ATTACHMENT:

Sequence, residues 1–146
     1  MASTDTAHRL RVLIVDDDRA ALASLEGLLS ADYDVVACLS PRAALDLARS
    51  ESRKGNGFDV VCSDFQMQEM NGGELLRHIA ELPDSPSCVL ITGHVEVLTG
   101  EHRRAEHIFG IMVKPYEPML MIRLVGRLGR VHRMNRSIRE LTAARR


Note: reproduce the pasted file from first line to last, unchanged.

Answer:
Sequence, residues 1–146
     1  MASTDTAHRL RVLIVDDDRA ALASLEGLLS ADYDVVACLS PRAALDLARS
    51  ESRKGNGFDV VCSDFQMQEM NGGELLRHIA ELPDSPSCVL ITGHVEVLTG
   101  EHRRAEHIFG IMVKPYEPML MIRLVGRLGR VHRMNRSIRE LTAARR